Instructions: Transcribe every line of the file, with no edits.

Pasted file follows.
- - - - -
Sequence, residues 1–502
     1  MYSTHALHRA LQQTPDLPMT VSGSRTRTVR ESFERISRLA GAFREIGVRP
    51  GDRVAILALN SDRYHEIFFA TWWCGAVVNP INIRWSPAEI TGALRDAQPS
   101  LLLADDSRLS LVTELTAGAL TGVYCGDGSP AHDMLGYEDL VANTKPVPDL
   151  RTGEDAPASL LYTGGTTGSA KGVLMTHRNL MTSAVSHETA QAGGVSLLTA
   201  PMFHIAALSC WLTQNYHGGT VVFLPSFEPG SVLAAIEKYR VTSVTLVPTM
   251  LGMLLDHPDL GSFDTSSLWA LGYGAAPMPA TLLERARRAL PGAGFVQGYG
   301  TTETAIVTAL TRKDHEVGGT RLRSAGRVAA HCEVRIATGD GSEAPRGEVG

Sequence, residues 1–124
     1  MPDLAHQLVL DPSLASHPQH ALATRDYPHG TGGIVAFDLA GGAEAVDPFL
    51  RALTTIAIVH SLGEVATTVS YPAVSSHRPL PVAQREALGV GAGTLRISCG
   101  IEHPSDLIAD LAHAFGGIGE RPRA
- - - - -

Sequence, residues 1–502
     1  MYSTHALHRA LQQTPDLPMT VSGSRTRTVR ESFERISRLA GAFREIGVRP
    51  GDRVAILALN SDRYHEIFFA TWWCGAVVNP INIRWSPAEI TGALRDAQPS
   101  LLLADDSRLS LVTELTAGAL TGVYCGDGSP AHDMLGYEDL VANTKPVPDL
   151  RTGEDAPASL LYTGGTTGSA KGVLMTHRNL MTSAVSHETA QAGGVSLLTA
   201  PMFHIAALSC WLTQNYHGGT VVFLPSFEPG SVLAAIEKYR VTSVTLVPTM
   251  LGMLLDHPDL GSFDTSSLWA LGYGAAPMPA TLLERARRAL PGAGFVQGYG
   301  TTETAIVTAL TRKDHEVGGT RLRSAGRVAA HCEVRIATGD GSEAPRGEVG

Sequence, residues 1–124
     1  MPDLAHQLVL DPSLASHPQH ALATRDYPHG TGGIVAFDLA GGAEAVDPFL
    51  RALTTIAIVH SLGEVATTVS YPAVSSHRPL PVAQREALGV GAGTLRISCG
   101  IEHPSDLIAD LAHAFGGIGE RPRA